[holding answer 28 November 2006]: Data on arrest and criminal histories are not held on the National DNA Database (NDNAD). However, some data are available from the Police National Computer (PNC), but not for all of the individuals with a profile on the NDNAD. Data provided by the Police Information Technology Organisation (PITO) from the PNC indicate that at the end of November 2006 there were 86,385 persons with a DNA profile on the NDNAD taken by Essex Police who also had a record retained on the PNC. The PNC records relating to approximately 2,500 other individuals with a profile on the NDNAD had been removed from the PNC, for example, because they had not been convicted of an offence or because proceedings were discontinued.
Of the 86,385 individuals with a record on PNC, 34,647 have no conviction recorded on the PNC. However, of these, a further 22,006 have another sanction detection recorded on the PNC: for example, a caution, reprimand or final warning. The number of individuals with no conviction, caution, reprimand or final warning is 12,641. The figure of 12,641 will comprise: persons who have been arrested for a recordable offence but no further action is taken; and persons who have been charged with a recordable offence and the proceedings are on-going.
No corresponding information is available for the Mid-Essex Division within Essex Police.
[holding answer 28 November 2006]: As at 1 November 2006, there were an estimated 89,156 individuals with a DNA profile on the National DNA Database (NDNAD) taken by Essex police. These individuals would have been arrested, detained in a police station and had a DNA sample taken by Essex police, but would not all necessarily be resident in Essex.
Information on the number of individuals with a DNA profile on the NDNAD is held on a police force area basis. It is also held by police station code, but not by police force division. It is not possible to provide data for an individual division within Essex police force area without an analysis of the police stations within each division and of any boundary changes to the Essex divisional structure that have taken place since 1995 (when the NDNAD was established).
It is not possible to provide the information requested for the Wantage parliamentary constituency as the DNA subject sample records held on the National DNA Database (NDNAD) relate to police force area, not to parliamentary constituency area or local authority area. However, data are available for Thames Valley police which covers Berkshire, Buckinghamshire and Oxfordshire including Wantage.
It is estimated that as at early December 2006 there were approximately 103,600 individuals with a DNA profile on the NDNAD taken by Thames Valley police (TVP). These individuals would have been arrested, detained in a police station and had a DNA sample taken by TVP, but would not necessarily be resident in the TVP force area.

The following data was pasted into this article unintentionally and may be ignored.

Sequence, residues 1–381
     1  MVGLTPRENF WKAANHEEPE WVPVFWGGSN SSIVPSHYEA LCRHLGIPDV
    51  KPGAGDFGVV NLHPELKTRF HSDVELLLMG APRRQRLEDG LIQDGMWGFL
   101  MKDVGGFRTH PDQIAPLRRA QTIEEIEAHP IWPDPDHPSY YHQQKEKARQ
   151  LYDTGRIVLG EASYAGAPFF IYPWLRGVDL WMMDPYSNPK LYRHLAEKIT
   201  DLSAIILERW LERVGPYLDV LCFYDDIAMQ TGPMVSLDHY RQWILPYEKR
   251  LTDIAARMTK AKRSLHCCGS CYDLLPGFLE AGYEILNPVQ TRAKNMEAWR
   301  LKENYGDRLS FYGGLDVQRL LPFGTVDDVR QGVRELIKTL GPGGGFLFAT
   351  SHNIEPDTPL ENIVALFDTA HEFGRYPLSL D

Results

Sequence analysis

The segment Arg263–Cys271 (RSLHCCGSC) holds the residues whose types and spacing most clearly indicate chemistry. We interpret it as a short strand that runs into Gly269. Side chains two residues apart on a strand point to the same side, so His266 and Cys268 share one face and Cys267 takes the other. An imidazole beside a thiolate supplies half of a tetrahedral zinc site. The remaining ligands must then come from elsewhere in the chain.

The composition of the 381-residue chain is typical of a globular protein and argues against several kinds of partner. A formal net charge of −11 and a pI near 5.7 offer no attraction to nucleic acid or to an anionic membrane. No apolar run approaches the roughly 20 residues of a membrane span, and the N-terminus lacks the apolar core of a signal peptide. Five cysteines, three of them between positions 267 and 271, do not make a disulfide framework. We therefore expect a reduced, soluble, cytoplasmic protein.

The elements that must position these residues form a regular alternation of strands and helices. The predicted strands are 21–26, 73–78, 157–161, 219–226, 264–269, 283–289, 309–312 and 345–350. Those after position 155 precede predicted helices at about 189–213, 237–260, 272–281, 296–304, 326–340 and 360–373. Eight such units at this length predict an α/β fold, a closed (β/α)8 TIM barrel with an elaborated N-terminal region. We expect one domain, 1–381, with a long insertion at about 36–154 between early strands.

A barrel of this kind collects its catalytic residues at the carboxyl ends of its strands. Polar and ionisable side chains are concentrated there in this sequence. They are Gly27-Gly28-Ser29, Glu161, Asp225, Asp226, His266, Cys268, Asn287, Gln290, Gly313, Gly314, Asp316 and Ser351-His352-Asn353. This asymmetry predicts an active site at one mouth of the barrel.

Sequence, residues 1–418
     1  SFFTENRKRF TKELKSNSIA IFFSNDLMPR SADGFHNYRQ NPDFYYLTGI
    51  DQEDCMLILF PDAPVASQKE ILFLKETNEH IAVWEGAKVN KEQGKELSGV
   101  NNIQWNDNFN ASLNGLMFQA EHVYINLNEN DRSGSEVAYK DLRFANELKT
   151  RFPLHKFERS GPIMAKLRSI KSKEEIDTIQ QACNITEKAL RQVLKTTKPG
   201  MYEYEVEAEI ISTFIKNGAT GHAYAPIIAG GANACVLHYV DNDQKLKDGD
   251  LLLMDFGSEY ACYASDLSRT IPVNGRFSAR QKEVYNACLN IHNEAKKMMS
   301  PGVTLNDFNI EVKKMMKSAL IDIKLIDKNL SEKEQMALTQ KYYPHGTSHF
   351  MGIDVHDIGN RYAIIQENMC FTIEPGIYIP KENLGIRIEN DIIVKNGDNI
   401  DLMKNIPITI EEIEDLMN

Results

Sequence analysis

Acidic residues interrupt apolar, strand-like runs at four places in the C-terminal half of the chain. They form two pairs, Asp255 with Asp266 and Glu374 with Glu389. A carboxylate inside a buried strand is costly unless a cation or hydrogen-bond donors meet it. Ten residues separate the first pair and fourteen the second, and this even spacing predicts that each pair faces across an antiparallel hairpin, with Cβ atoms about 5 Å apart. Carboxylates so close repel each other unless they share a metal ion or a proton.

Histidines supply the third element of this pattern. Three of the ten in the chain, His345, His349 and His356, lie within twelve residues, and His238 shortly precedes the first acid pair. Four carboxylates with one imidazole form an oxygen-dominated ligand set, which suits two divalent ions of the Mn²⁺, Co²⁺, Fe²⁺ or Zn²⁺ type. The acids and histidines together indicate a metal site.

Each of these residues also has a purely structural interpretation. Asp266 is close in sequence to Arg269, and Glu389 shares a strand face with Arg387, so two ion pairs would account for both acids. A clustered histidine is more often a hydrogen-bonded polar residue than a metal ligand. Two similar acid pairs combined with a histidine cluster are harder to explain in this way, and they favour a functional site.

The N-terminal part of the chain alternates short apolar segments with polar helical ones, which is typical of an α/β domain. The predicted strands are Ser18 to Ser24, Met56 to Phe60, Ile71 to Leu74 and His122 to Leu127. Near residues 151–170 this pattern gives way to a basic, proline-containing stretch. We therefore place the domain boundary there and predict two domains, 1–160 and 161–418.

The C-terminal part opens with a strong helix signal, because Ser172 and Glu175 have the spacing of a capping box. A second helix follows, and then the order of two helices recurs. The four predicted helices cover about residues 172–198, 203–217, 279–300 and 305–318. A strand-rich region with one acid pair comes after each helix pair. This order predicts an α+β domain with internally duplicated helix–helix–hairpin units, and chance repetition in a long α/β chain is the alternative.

At 10 December 2006, there were an estimated 3,706,399 individuals with a DNA profile on the National DNA Database taken by the police. It has been the policy of successive Governments neither to confirm nor deny in response to questions about the activities of the intelligence and security agencies.
It is not necessarily straightforward to say that an arrest is made on the basis of DNA evidence, as police investigations will often involve looking at several different types of evidence including DNA, and an arrest may be made on the basis of the whole package of evidence. We are, however, aware of two cases in which arrests were made on the basis of mistaken DNA evidence since the establishment of the NDNAD in 1995.
In October 1997 a bloodstain from the burglary of a dwelling was matched to a Mr. K who was arrested by the Metropolitan Police. In fact samples provided by Mr K. and Mr. H had been accidentally switched in the laboratory. Mr K. began legal action against the Forensic Science Service but did not complete it within the legally prescribed period.
In August 1999, Mr. E was arrested on the basis of a DNA sample found in a burglary 150 miles from his home. He was suffering from Parkinson's disease and could not have got to the crime scene unaided. This was an SGM match—use of the more discriminating SGM plus technique (explained as follows) showed the first match was incorrect and the charges were dropped.
These errors must be seen in the context of almost 300,000 matches between crime scenes and individuals during the period 1998-99 to 2005-06. Use of DNA profiling is an extremely reliable technique.
Continuous quality monitoring of suppliers is carried out through the NDNAD's supplier accreditation section, and barcode and electronic document scanning systems are used in laboratories to minimise the possibility of human error.
The SGM technique introduced in 1995 looks at six areas of DNA plus the area showing the person's sex and has a one in 50 million chance of being incorrect (the odds are very probably much better than this).
Home Office Circular 58/2004 and the ACPO DMA Good Practice Guide advise that where a match of a crime scene to an individual involves an SGM profile, strong consideration should be given to upgrading the SGM profile to SGM Plus to ensure that there is still a match.
If a person is to be charged on the basis of a DNA match, the CPS require that there must be supporting non-DNA evidence available to be used in evidence. No-one is ever prosecuted solely on the basis of a DNA match; the DNA evidence is one piece of the information that the courts would require for a successful prosecution.